ISLAMABAD: Major water sector projects of strategic nature are facing serious bottlenecks because of cost overruns and financing constraints that could delay their targeted economic benefits to the nation.
Officials told Dawn on Sunday that one of the most important projects — Diamer Bhasha dam — was facing cost overruns and financing gaps even before construction could be taken in hand. Over Rs25 billion had been released but that would be used for land acquisition.
Another strategically important project — Neelum Jhelum hydropower project of 969MW — is facing serious financing problems and even finding it difficult to pay for the services being provided by foreign contractors.
Sources said that in view of slower progress on Diamer Bhasha dam and urgent financing needs of the Neelum Jhelum project, the government had decided to divert about Rs5bn from Bhasha dam to Neelum Jhelum project but the process stopped because of a general restriction imposed by the Election Commission (ECP) of Pakistan on diversion of funds.
The ministries of finance and water and power have requested the ECP to relax the ban as a special case in order to meet the urgent financial needs of the Neelum Jhelum project.
The two ministries are also in the process of allowing Wapda to shift its borrowing limit of Rs20bn from Bhasha to Neelum Jhelum project in the form of two Islamic Sukuk bonds through domestic banks.
Wapda had originally been given permission to issue two Sukuk bonds of Rs10bn each for Diamer Bhasha dam but it would now be able to raise Rs20bn during the current fiscal year for Neelum Jhelum project whose estimated cost has increased from the original Rs84bn to about Rs275bn as a result of change of its design after the earthquake, involvement of tunnel boring machine and overall project delays. According to a presentation given to the Asian Development Bank recently, major water and power sector projects, which are in different stages of construction, need a total of Rs1.67 trillion between 2014 and 2020 for which over Rs960bn financing required from international lenders is “un-committed”.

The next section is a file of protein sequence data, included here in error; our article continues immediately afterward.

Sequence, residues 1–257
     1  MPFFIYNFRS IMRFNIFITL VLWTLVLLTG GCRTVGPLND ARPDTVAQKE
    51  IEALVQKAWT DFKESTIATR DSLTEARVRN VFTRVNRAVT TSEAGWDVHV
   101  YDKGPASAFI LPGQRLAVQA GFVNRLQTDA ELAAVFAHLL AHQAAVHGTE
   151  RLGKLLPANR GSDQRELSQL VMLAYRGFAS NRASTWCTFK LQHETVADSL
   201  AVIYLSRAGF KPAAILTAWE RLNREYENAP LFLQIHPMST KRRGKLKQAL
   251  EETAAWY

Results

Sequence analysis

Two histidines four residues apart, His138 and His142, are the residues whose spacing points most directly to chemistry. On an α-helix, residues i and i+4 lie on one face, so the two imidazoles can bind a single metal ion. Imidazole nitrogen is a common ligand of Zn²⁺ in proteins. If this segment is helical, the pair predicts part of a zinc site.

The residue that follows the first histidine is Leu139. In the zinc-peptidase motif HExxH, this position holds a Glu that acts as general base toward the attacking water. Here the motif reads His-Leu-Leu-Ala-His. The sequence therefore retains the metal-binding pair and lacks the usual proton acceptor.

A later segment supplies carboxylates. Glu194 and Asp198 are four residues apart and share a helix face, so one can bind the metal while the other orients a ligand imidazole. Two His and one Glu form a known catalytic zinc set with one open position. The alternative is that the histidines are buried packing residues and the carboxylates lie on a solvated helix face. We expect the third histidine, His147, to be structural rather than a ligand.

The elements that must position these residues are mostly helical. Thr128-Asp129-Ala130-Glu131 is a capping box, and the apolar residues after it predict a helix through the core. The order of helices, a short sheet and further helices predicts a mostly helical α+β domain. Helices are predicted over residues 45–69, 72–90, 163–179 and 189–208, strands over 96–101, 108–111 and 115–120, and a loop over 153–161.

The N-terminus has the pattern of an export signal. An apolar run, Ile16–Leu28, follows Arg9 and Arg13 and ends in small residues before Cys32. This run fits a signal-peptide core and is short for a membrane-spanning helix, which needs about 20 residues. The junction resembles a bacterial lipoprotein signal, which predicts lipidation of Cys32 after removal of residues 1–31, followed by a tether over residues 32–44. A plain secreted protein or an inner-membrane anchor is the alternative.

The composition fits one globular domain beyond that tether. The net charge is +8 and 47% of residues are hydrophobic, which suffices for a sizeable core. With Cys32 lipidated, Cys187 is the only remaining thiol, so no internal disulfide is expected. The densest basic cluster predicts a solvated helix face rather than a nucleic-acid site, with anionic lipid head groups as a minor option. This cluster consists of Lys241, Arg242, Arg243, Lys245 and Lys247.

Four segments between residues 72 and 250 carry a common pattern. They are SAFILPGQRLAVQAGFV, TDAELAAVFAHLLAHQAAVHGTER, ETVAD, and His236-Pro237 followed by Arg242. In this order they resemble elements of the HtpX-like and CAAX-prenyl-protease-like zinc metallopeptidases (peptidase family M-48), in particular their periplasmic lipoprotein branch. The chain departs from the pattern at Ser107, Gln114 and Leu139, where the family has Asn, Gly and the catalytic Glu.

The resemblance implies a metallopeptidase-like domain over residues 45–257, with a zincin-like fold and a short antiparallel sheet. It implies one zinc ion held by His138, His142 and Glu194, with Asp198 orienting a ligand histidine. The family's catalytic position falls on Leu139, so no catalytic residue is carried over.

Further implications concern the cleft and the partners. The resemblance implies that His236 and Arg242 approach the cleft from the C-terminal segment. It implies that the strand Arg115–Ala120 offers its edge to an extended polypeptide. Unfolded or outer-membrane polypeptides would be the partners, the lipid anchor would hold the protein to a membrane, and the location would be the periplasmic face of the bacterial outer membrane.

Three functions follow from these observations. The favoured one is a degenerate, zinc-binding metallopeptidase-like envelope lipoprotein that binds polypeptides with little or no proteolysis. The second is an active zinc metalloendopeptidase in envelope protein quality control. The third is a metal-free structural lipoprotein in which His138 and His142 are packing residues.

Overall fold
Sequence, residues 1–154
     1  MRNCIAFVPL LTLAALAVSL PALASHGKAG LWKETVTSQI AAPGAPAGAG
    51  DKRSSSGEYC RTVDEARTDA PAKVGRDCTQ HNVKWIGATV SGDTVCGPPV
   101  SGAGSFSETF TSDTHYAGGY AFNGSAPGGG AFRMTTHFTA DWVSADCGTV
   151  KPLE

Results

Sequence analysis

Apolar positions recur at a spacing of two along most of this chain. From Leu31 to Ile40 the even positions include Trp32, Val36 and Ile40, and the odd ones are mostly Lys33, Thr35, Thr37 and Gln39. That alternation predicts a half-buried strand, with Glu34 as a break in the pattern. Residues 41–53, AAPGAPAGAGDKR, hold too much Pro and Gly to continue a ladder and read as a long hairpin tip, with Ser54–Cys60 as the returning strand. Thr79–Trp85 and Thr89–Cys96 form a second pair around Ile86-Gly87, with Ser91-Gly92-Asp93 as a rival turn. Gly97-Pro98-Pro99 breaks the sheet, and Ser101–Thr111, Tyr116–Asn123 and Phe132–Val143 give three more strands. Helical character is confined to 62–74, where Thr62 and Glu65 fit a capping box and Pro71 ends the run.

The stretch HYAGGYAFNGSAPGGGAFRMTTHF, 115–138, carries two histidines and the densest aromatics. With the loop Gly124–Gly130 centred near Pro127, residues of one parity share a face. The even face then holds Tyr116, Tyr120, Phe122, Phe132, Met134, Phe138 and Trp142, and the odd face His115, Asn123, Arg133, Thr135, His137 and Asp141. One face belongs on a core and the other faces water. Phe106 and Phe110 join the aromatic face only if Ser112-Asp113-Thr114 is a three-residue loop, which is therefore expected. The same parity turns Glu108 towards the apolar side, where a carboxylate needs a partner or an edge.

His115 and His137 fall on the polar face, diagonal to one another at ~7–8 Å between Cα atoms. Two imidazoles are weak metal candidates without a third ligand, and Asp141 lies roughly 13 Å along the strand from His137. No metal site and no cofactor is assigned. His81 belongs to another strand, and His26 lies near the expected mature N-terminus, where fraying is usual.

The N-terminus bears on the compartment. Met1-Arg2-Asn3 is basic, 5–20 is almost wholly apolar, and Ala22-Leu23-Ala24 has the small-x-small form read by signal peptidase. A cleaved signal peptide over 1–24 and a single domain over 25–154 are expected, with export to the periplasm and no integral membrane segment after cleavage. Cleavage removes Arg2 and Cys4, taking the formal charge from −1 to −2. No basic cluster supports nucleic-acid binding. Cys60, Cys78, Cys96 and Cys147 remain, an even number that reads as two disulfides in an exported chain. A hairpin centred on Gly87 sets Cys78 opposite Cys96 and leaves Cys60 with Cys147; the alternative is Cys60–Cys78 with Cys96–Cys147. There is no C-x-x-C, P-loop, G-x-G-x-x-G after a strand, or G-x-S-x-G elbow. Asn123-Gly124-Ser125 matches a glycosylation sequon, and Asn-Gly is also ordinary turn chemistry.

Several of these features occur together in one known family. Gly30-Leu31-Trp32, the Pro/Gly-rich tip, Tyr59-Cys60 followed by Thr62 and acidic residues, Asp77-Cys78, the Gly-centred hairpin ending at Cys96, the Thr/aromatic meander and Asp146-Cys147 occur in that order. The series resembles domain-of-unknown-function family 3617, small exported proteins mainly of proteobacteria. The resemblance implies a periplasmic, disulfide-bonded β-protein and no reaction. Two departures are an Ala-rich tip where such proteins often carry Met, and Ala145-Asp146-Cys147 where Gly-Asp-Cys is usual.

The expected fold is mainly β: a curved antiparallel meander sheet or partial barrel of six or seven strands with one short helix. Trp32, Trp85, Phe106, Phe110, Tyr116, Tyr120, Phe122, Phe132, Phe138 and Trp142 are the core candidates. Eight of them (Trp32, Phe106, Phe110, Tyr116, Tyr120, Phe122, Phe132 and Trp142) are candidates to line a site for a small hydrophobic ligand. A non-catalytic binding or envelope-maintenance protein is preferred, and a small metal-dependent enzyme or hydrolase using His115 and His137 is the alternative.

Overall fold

About Rs220bn has been estimated to be arranged through the Public Sector Development Programme, while Rs200bn has been committed by international lenders. An amount of Rs18bn has to be arranged through self financing in the share of hydel tariff and Neelum Jhelum surcharge being charged to the consumers, while Rs110bn would be borrowed from commercial banks and private investments by local parties before 2020.
Provided the financing becomes available, these 12 projects would be able to add about 15,896MW to the national grid by 2022.
The estimated cost of the 4,500MW Diamer Bhasha dam has recently been revised to about $14.5bn (Rs1.43tr), up from $11.5bn (Rs894bn) about a year ago, showing an increase of more than 26 per cent. In terms of local currency, the project cost has increased by over 60pc. The project that was originally estimated to be completed by 2016-2017 is now expected to be delayed till 2023.
The cost of land acquisition and resettlement of affected people from the site has increased from Rs60bn to Rs116bn on account of additional safeguards recommended by the ADB. The cost of construction of the dam and transmission line is estimated at $5.7bn (about Rs565bn).
On completion, the mega project is estimated to provide recurring annual econometric benefit of about $5.2bn (Rs515bn at the current exchange rate), including $3.3bn on account of more than 19,000 gigawatt hours replacing four million tonnes of furnace oil.
It would increase the share of hydropower in the electricity supply to almost 54pc from the current 33.6pc and the contribution of expensive oil-based power projects would drop to less than 15pc from the current 35pc.
The electricity cost of Diamer Bhasha dam has been estimated at eight cents per unit, compared with the current average tariff mix of about 12.5 cents.
The dam will also add live water storage capacity of 6.4 million acre feet. Subsequent to initial bickering from almost all international lending agencies, the government has requested the ADB to act as lead financier and sought its board’s approval on an urgent basis so that physical work on the dam can be started. The ADB is reported to have promised to speed up the approval process.